At the bottom of the map are intensity levels (from 1 to 6) which show the relative intensity of precipitation, six being the heaviest precipitation. The clouds are shown as white areas across the map. The dark, blue, thin lines are isobars (lines of equal pressure). The heavy blue lines are cold fronts and the heavy red lines are warm fronts. Alternating blue and read mean a stationary front and a heavy purple line is an occluded front. Centers of high pressure are indicated with a H and centers of low pressure are indicated with a L .
Study the composite map and answer the following questions.
Plotting Upper-Air Observation Elements.
This image is the model for plotting data about a station circle on a constant-pressure map. The maps of upper-air observations are called constant-pressure maps because the air temperature, dew point temperature, the wind speed and direction plotted on a particular map; e.g., a 500-hPa (or 500-mb) map, are all measured at the level above each station where the pressure is 500 hectopascals (or millibars). The height at which a particular pressure value is found is different for each station. Therefore, instead of doing an analysis of pressure on an upper-air map, (constant-pressure map), an analysis of height is done, much as a topographic map.
Common upper-air (constant-pressure) maps which you will see on the hallway map display are: 850-mb, 700-mb, 500-mb, 300-mb, 250-mb, 200-mb. The following describes the procedure for plotting the observed data.
TT represents Air Temperature. Air Temperature is plotted to the nearest whole degree Celsius.
hhh represents the Height of the Constant-Pressure Surface above sea level. The height of the constant-pressure surface is plotted to the nearest whole meters on the 850- and 700-hPa map and to the nearest tens of meters on the 500-hPa map and those maps aove 500 hPa. Only three digits are plotted. On the 850- and 700-hPa map, the thousands digit is dropped. on the 500-hPa map and above the units digit is dropped.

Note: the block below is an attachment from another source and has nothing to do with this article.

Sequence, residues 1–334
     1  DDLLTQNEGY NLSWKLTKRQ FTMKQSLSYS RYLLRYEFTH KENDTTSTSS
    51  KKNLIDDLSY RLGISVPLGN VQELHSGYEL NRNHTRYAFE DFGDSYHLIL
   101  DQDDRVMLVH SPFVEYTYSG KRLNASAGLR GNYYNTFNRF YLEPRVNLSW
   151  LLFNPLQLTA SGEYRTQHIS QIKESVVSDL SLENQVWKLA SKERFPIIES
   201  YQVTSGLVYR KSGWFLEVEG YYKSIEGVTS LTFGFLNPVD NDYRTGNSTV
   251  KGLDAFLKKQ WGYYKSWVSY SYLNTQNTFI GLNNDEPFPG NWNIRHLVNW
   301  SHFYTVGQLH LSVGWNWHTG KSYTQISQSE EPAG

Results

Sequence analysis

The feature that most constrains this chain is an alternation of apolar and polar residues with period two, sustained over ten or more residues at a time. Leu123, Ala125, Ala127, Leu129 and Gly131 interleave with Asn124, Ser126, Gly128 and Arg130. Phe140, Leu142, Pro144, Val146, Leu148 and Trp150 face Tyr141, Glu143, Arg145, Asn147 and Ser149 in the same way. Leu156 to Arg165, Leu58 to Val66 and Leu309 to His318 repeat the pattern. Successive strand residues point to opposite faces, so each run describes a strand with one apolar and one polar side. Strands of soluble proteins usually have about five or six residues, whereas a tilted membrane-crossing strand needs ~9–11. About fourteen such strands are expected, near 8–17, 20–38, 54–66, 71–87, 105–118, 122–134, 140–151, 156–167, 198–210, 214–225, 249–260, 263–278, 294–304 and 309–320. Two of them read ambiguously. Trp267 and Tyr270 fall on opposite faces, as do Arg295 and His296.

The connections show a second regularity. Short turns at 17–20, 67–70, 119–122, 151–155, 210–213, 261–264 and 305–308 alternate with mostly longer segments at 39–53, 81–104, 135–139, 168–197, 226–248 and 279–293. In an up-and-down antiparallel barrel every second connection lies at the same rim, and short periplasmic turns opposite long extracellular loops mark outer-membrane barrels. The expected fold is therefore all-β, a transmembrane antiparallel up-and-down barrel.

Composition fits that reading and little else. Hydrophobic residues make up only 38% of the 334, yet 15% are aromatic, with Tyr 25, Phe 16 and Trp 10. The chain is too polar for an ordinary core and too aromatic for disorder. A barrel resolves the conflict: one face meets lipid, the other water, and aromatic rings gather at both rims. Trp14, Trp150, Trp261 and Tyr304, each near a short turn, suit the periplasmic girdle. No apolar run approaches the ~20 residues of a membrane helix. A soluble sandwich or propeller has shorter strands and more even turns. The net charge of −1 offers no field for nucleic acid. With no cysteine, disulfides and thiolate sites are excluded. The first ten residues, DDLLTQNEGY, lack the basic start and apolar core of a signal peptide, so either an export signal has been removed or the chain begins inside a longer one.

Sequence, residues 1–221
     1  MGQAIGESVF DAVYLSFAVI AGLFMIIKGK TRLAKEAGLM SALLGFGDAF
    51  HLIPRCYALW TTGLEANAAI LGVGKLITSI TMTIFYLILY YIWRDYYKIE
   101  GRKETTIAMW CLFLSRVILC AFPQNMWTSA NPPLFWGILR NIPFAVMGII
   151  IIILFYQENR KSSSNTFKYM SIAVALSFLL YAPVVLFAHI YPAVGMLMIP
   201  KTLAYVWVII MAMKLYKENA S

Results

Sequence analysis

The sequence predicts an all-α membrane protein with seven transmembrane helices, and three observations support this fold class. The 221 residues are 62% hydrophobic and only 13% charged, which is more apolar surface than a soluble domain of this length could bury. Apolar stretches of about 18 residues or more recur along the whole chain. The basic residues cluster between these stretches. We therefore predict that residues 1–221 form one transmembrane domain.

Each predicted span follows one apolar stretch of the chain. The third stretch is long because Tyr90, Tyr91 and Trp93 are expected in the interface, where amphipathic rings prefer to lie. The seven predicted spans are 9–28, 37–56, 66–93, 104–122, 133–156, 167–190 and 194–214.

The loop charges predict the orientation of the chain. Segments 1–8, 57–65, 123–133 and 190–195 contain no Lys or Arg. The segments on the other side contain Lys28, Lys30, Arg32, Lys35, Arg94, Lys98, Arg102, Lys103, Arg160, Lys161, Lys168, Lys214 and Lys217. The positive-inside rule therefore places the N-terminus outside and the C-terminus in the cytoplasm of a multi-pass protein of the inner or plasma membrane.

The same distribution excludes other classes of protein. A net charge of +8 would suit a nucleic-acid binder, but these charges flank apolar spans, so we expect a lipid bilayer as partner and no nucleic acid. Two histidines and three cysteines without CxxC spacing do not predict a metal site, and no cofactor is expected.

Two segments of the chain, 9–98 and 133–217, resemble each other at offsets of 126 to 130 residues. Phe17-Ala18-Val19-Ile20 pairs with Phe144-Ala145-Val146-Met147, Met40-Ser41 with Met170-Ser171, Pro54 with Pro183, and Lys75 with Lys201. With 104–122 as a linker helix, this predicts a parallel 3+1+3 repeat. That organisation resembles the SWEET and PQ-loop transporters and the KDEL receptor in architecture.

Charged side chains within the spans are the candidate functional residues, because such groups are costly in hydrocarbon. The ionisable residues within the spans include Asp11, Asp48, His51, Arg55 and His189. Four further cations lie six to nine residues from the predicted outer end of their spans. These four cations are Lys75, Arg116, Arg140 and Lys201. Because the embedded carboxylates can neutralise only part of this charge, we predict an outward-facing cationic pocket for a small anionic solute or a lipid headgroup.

DD represents the Dew Point Depression. The dew point depression is the difference between the air temperature and the dew point. The dew point is always less than, or the same as the air temperature. The dew point depression is plotted to the nearest whole degree Celsius. If the dew point depression is equal to 5 or less, the station circle is shaded.
hchc represents the12-hour Height Change. The 12-hour height change is the difference between the height of the particular pressure surface 12-hours ago and the current height.
This image shows the latest analysis for upper-air conditions at a level of 850 hPa, approximately 1500 meters (5000 feet) above sea level. The black lines are contours, or isoheights. The, dashed lines are isotherms.
Data is plotted about the station circles in blue. Note: Contrary to the standard format given above, on this image map and the next map for 500 millibars the height value is plotted using four digits rather than three. Normally, for plots of the height at which 850 hPa is found, a height of 1468 meters would be plotted as 468, however on this image, all four digits are plotted as 1468.
Close the 850 hPa map when finished with problem 16.
This next image is an example of an analyzed 500 hPa map. The standard method is for the units digit of the height of 500 hPa to be rounded up or down to the nearest tens of meters when plotted on the map. Thus, a height of 5854 meters is normally plotted as 585 to the upper right of the station. However, on this image, the complete height, including the units digit, is plotted. Like the 850 hPa map, the black lines represent isoheights (contours), lines of equal height; the dashed, lines represent isotherms, lines of equal temperature. Wind speed, wind direction, air temperature, dew point and height are all plotted in blue about the station circle. The center of low height centers and high height centers are indicated by an L or H, respectively.
Close the 500-hPa map when finished with problem 17.
The table of problem 18 provides data obtained from rawinsonde observations.
The table below gives the station name, the five-digit identifier for the station, (called the block and station number), the temperature, the dew point, the height at which the measurement was made and the wind direction and wind speed at this height. We are using data only for the level at which a pressure of 500 hPa is found. As you can see, a pressure of 500 hPa is found at different heights in the atmosphere. A pressure of 500 hPa is approximately 7.25 pounds per square inch.
You have looked at the latest 850 mb and the latest 500 mb upper-air analyses and seen how the height of these pressure surfaces is represented by contour lines, much as the contour lines on a topographic map. You should have noticed that the contour lines nearly parallel the direction of the plotted wind barbs. This is an aid when analyzing upper-air maps.
Copyright © 1996-2007 Texas A&M University, Texas A&M Meteorology Department and Marion Alcorn.